‘Gravity’ Lawsuit is a Victory for Warner Bros., For Now
You may not be aware of this, but Warner Bros. has been involved in a lawsuit over the screenplay to Alfonso Cuaron’s ‘Gravity,’ one of the biggest films of 2013. The film, which took home seven Academy Awards including Best Director for Cuaron, tells the story of one woman’s harrowing journey alone in space. But there’s another woman who’s currently involved in her own difficult journey: Tess Gerritsen, who allegedly wrote the novel on which ‘Gravity’ is based. Although the author had a contract with New Line, she was never given credit for her story. In a recent lawsuit, a judge dismissed her case against parent company WB, but that isn’t the end of Gerritsen’s fight—a fight which could serve to highlight a serious issue for screenwriters.
In a post on her website, Gerritsen details the lawsuit and how it affects not just her, but plenty of other screenwriters. A recap: back in ‘99, Gerritsen sold the film rights to her book, ‘Gravity,’ to New Line. Her book was about a female astronaut/medical doctor who is abandoned on an international space station when the entire crew dies due to a series of tragic accidents. Unlike Cuaron’s eventual film, Gerritsen’s female astronaut is left in quarantine following a biological disaster, and she initially isn’t on the ISS with a single astronaut, but many. According to the deal with New Line, if a film were to be made based on her book, Gerritsen would be given a “based upon” credit, as well as a production bonus and a percentage of the film’s profits.
After her film rights had been optioned and placed into development, Gerritsen says she wrote a new draft where space debris bombards the ISS, and the female astronaut is left floating adrift, alone in space. Sounds familiar, right? Kind of. Back then, Alfonso Cuaron had been attached to direct the film, but Gerritsen says she was not aware, and in 2008, Warner Bros. acquired New Line, laying off various employees and taking control of ‘Gravity’ in the process.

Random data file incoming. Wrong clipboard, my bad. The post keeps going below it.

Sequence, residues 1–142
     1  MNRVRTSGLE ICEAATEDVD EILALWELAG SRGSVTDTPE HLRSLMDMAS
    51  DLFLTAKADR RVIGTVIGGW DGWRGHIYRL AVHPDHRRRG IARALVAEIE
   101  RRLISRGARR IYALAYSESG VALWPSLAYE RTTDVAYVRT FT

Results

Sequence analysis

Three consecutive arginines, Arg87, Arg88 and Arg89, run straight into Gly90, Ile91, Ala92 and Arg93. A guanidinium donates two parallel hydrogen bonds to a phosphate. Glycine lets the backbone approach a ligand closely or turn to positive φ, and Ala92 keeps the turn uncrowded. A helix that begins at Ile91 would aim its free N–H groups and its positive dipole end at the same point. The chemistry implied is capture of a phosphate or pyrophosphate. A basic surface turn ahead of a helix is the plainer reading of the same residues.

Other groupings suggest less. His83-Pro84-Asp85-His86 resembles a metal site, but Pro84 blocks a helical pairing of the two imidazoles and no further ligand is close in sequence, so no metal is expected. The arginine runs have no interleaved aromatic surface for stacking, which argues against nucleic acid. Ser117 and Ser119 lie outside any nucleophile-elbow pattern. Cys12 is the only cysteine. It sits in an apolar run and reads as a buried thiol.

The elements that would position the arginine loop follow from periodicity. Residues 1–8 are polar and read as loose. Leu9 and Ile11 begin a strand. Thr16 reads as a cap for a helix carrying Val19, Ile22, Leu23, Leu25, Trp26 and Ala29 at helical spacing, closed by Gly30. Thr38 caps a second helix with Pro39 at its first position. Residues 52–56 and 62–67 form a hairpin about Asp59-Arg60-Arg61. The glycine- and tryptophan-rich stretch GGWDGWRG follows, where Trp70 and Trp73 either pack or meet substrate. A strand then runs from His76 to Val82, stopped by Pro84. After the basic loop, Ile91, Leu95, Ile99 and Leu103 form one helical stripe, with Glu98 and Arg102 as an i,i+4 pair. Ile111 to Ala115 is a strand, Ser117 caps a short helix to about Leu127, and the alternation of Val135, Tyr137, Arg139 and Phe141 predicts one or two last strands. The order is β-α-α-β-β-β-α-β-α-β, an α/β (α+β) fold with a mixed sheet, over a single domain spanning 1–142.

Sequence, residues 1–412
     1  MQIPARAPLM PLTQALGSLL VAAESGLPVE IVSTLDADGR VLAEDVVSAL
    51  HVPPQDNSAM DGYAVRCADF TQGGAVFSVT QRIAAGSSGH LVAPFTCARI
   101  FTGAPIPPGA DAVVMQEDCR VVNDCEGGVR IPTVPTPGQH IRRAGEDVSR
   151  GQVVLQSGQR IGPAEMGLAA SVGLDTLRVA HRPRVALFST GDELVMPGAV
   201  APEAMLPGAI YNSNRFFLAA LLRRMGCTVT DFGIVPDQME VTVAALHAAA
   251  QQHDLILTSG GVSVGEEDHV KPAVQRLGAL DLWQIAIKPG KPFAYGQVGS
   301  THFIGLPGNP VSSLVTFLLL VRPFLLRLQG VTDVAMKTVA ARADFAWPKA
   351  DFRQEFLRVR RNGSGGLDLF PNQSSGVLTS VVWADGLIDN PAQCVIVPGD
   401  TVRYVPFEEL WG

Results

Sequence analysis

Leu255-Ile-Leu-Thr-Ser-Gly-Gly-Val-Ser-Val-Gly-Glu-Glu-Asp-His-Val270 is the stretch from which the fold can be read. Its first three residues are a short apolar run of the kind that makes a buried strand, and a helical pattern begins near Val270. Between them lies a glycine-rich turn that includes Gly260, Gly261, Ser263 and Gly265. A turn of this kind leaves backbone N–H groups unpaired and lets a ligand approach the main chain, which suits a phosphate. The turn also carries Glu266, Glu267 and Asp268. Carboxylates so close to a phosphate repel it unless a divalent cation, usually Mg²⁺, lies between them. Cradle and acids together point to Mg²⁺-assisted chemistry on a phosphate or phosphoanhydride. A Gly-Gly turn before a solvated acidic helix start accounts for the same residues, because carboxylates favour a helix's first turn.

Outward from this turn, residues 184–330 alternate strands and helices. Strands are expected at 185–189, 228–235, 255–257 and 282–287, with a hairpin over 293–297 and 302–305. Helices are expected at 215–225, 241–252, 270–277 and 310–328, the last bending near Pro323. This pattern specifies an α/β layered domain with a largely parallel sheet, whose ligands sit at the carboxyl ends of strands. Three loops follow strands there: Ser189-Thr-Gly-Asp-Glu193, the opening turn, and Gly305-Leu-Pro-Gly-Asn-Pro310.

Gerritsen goes on to detail how she became aware of Cuaron’s project, initially dismissing it as a coincidence until she discovered that he had been attached to direct the film adaptation of her book for years:
Sometime around 2008 – 2009, Alfonso Cuaron wrote his original screenplay “Gravity” about a female astronaut who is the sole survivor after her colleagues are killed by satellite debris destroying their spacecraft. She is left adrift in her space suit, and is later stranded aboard the International Space Station. I noted the similarities, but I had no evidence of any connection between Cuaron and my project. Without proof, I could not publicly accuse him of theft, so when asked about the similarities by fans and reporters, I told them it could be coincidental.
In February 2014, my literary agent was informed of Cuaron’s attachment to my project back in 2000. Now the similarities between my book and Cuaron’s movie could no longer be dismissed as coincidence. I sought legal help, and we filed a Breach of Contract complaint that April. Please note: this is not a case of copyright infringement. Warner Bros., through its ownership of New Line, also controls the film rights to my book. They had every right to make the movie — but they claim they have no obligation to honor my contract with New Line.
This is, of course, alarming if true, and not only does it serve as a cautionary tale to authors and screenwriters, but it highlights a terrible practice within the industry of studios dismissing contracts when they absorb other studios—and it’s not something with which most of us are familiar. A studio being purchased by a larger studio following financial struggles isn’t uncommon, and you can just imagine how many contracts are absorbed along with those failing studios—contracts which might not be honored because the new parent company didn’t initially sign them.
But Gerritsen isn’t done pursuing her claim, as the court has informed her that she needs more facts, which is fairly common. Gerritsen and her lawyers are preparing to “file an amended complaint which corrects the technical deficiencies using the court’s decision” as their guide. There are some holes to Gerritsen’s story, as Cuaron’s ‘Gravity’ had previously been set up at Universal Pictures before being acquired by WB. Gerritsen does note that her suit isn’t about copyright infringement, and does acknowledge that she once believed that Cuaron’s project was merely a coincidence.
The creativity and craftsmanship behind ‘Gravity’ has been honored repeatedly since its release, but Gerritsen has received no credit for writing the novel on which the film was supposedly based—instead, only Cuaron and his production team have received credit and awards for bringing the story to the big screen. This isn’t to say that Cuaron and his crew don’t deserve the honors they’ve been given, but Gerritsen should be recognized for her work, if she is owed that credit. To hell with corporate practice—that’s just common sense.